1. It’s not enough to have a good idea if you can’t gain support from your team. Without support, the idea won’t gain the momentum to get off the ground. For example, when Lucas asked the computer department to develop an editing software, the editors pushed back against the technology because they felt more comfortable with the current process. Despite having the support of Lucas himself, Catmull’s editing software project came to a halt because the people he was creating it for didn’t want it.
  2. Focus on the right things, even if you fall short in other areas. Know the purpose of your product and what people expect from it. This helps you focus your efforts on the most important elements of your work. For example, Catmull and Lasseter created a short film called My Breakfast with André for a computer summit. Catmull oversaw the technical team while Lasseter worked on creating an engaging story. Though the runtime for the project was only two minutes, the team struggled to meet the deadline and had to rush out an unfinished product for the summit. However, to their surprise, the audience didn’t seem to care about the unfinished graphics. Lasseter’s story had been so effective that some audience members claimed they didn’t even notice the changes between the full animation and the black-and-white wireframes. Catmull learned that, in filmmaking, focusing on the story is more important than focusing on technical perfection.

The Pixar Name

One of the first major issues Catmull’s department at Lucasfilm addressed was “blue-screen matting,” in which an image could be digitally layered onto another image to create the illusion of environment (for example, a biker in front of a blue-screen could be added to a clip of an earthquake ripping up a road, creating the image of the biker speeding away from impending danger). Historically, editors had to physically doctor the physical film frame by frame to create effects of this nature, but Catmull and Smith wanted to create a computer program that would speed up the process.

After four years of work, the department created the technology and named it the “Pixar Imaging Computer.” The name “Pixar” came from a combination of two pitched names: Pixer (a fake Spanish verb created by Smith meaning “to make pictures”) and Radar (which another associate thought sounded more high-tech). This name would go on to become the title of their division at Lucasfilm and, eventually, the name of the iconic animation studio.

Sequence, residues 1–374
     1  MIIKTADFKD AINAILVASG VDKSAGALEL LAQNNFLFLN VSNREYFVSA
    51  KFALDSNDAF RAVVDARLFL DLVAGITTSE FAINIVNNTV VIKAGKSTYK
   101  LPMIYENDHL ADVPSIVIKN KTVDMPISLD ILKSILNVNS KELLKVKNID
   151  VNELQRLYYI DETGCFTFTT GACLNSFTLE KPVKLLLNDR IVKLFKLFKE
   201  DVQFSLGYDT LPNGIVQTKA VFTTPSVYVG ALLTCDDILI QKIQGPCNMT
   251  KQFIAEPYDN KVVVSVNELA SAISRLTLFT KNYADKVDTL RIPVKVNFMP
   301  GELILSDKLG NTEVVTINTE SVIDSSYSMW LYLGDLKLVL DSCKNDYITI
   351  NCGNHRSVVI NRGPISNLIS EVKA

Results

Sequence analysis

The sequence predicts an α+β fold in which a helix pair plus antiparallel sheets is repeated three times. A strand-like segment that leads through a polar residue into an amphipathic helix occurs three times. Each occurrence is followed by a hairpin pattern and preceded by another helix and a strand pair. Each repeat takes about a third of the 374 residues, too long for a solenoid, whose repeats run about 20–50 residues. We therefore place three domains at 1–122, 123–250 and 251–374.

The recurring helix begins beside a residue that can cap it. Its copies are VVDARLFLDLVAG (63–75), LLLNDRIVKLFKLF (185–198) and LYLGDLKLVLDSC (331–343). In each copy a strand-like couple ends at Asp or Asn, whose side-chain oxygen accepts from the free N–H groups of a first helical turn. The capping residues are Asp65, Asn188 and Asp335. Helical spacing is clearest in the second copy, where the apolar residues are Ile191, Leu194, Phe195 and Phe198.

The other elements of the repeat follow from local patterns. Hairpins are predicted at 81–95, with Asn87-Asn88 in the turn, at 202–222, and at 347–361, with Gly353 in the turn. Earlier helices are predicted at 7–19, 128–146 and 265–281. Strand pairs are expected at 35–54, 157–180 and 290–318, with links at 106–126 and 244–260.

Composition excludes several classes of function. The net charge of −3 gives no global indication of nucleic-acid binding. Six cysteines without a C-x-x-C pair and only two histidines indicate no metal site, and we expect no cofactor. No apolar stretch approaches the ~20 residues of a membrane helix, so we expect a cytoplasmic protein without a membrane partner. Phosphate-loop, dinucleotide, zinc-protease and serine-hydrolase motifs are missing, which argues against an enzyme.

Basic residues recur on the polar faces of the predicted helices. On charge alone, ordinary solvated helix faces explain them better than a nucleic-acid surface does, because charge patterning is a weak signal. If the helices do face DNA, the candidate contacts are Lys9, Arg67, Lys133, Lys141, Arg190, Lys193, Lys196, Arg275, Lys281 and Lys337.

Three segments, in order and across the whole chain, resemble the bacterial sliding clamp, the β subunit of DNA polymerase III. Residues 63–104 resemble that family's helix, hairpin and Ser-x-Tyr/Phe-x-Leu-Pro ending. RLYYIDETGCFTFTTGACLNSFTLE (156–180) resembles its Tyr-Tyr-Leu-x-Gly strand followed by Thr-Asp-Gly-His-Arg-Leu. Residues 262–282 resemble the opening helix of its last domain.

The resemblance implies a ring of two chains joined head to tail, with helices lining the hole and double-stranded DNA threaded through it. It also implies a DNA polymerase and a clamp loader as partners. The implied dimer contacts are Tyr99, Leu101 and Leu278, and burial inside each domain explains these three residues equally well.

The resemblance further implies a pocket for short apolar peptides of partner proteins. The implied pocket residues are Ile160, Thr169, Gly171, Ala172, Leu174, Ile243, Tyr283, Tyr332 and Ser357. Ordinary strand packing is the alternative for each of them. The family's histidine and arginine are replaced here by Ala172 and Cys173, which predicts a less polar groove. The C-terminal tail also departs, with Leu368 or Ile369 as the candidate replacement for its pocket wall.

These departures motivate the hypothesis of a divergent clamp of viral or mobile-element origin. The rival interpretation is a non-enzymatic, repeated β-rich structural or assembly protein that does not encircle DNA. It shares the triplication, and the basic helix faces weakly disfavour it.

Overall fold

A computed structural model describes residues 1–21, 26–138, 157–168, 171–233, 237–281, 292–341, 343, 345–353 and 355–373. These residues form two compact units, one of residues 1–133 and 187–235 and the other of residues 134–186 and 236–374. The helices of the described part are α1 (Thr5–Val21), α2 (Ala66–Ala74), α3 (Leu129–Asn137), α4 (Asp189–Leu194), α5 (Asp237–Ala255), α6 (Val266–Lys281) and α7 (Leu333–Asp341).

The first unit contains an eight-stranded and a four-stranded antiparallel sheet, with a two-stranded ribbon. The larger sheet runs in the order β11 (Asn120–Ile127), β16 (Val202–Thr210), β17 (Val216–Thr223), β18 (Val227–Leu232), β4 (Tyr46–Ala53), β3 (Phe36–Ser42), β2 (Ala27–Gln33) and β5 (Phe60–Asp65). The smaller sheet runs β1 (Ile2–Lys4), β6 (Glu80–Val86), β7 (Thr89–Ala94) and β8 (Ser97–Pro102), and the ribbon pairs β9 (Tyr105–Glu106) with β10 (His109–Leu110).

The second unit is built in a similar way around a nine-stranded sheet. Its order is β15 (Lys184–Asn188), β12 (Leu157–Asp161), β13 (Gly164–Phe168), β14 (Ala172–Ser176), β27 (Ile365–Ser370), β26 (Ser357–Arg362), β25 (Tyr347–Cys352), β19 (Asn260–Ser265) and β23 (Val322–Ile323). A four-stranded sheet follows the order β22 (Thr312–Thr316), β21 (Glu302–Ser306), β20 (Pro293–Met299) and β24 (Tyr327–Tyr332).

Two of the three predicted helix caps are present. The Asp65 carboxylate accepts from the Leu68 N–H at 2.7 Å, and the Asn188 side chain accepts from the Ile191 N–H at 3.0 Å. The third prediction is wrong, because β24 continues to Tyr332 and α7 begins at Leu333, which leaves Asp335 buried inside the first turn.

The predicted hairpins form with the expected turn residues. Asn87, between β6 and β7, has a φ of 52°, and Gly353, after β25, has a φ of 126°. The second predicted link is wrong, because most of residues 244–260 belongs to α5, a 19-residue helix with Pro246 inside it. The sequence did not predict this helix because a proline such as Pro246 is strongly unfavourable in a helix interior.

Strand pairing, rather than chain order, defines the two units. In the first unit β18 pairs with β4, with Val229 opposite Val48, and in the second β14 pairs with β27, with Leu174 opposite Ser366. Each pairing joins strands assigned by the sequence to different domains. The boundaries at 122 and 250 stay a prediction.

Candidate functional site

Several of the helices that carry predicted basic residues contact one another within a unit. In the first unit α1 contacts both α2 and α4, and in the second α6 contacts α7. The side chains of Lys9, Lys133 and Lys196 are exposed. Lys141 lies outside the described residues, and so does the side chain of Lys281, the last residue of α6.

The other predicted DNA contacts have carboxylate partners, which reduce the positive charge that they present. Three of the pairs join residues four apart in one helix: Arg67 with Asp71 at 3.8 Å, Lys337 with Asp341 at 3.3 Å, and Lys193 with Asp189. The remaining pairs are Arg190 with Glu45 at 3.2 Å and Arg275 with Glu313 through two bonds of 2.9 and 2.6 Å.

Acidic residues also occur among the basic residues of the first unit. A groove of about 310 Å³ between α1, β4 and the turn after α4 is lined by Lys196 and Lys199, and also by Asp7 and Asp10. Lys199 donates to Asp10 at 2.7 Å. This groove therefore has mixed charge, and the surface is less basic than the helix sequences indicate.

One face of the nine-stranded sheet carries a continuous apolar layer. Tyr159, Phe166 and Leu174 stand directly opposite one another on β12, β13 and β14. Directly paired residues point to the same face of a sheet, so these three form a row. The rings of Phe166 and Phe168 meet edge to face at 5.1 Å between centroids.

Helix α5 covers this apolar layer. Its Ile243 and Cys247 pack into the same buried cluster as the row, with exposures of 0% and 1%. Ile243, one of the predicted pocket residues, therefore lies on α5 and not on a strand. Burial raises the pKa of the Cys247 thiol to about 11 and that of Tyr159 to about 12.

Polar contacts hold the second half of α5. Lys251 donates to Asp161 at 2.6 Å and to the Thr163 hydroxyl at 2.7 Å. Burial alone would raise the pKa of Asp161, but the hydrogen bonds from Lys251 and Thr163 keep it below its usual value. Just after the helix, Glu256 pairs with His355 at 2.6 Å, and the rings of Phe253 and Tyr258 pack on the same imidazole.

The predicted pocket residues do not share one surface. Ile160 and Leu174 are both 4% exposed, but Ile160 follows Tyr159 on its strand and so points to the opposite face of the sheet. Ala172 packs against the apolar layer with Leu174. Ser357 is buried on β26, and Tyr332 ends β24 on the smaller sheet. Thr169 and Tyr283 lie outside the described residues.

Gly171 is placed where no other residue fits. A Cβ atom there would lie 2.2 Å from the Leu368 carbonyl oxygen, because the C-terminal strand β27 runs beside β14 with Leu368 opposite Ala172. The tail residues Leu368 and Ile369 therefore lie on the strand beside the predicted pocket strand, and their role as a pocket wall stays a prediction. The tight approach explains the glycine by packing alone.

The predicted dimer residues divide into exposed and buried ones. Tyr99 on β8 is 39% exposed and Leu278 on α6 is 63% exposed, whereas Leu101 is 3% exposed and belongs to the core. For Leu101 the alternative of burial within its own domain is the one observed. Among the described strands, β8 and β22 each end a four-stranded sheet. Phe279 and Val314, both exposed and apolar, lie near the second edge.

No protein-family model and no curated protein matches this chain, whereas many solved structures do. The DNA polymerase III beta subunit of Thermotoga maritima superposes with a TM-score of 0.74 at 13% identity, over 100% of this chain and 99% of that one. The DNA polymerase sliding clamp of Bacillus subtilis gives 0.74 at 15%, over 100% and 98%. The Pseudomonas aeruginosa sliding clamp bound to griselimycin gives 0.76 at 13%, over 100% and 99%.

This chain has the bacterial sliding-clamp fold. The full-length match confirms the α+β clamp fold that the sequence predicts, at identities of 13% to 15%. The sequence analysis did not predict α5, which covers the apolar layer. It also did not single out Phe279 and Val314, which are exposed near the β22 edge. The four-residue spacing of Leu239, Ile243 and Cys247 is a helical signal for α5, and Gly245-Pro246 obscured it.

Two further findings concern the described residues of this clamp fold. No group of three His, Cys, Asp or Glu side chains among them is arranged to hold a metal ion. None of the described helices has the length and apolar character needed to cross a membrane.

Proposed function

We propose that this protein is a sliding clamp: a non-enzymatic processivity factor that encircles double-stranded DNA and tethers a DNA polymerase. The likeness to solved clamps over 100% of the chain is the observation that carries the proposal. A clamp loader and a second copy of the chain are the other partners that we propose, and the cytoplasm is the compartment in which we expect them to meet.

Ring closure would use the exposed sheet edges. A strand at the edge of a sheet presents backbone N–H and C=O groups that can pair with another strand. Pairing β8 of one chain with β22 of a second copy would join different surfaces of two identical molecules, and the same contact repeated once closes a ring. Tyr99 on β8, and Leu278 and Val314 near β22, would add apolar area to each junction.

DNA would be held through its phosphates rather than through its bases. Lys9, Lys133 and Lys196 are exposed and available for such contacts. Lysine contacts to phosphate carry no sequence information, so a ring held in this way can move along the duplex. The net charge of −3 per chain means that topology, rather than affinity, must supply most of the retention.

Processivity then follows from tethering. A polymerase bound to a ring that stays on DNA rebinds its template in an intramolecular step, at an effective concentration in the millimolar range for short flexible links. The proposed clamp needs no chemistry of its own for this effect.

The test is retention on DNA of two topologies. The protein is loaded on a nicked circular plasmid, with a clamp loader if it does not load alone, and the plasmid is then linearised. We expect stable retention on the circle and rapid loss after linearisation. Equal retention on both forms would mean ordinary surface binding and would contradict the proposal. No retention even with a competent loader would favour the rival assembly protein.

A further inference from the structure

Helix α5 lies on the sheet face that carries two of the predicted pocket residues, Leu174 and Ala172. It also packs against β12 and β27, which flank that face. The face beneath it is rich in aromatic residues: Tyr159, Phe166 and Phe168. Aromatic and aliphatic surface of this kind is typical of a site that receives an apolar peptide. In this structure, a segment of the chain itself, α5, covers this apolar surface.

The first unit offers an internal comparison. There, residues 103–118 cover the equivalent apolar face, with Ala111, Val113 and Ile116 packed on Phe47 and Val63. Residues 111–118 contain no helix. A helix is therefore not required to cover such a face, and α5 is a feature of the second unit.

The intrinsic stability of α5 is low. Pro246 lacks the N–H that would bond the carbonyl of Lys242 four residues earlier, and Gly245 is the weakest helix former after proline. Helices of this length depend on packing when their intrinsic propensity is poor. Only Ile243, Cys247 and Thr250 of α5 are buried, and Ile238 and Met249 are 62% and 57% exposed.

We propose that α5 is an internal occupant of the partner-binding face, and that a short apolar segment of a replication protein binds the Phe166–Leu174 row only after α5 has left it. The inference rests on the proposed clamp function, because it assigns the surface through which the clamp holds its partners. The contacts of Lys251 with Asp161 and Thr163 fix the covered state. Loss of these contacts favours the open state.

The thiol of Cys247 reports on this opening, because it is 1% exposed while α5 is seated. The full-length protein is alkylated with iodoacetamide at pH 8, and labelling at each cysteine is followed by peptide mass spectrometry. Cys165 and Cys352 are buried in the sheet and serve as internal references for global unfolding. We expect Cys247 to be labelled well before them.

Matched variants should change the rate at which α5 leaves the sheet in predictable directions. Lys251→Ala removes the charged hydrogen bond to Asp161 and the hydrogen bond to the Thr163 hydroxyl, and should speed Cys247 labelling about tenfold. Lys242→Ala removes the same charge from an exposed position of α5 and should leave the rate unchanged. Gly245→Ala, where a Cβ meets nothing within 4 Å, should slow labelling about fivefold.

Divorce, George Lucas, Pixar, and Steve Jobs

In 1983, Lucas divorced his wife, Marcia. The divorce put Lucsasfilm in a precarious financial situation. For George Lucas, Pixar could be sold to save money and keep Lucasfilm afloat. He hired a management team to make the division more appealing to buyers by reducing the number of employees and marketing a profitable product. However, none of these tricks worked. Catmull and Smith refused to lay off any of their team members and most companies still didn’t see the value of computer animation. 

This changed with Steve Jobs. In 1985, Jobs was the director of Apple Computer Inc. and wanted to develop products that would shape the future of technology. Catmull met with Jobs and showed him the technology they had created. Jobs, a notoriously assertive man, avoided small talk and asked big questions such as “What are your long-term goals?” and “What can your tech do that other tech can’t?” Though Catmull and Smith were a bit uneasy because of Jobs’s forceful personality, they eventually agreed to the deal. After negotiations, Jobs purchased Pixar for $5 million in February 1986, and the company “Pixar” was born.

George Lucas: Pixar Was Sold to Save Lucasfilm

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Here's what you'll find in our full Creativity, Inc. summary :

  • How Pixar went from selling computers to successful animation studio
  • What it takes to build a creative workplace culture
  • Why George Lucas sold Pixar to Steve Jobs

Rina Shah

An avid reader for as long as she can remember, Rina’s love for books began with The Boxcar Children. Her penchant for always having a book nearby has never faded, though her reading tastes have since evolved. Rina reads around 100 books every year, with a fairly even split between fiction and non-fiction. Her favorite genres are memoirs, public health, and locked room mysteries. As an attorney, Rina can’t help analyzing and deconstructing arguments in any book she reads.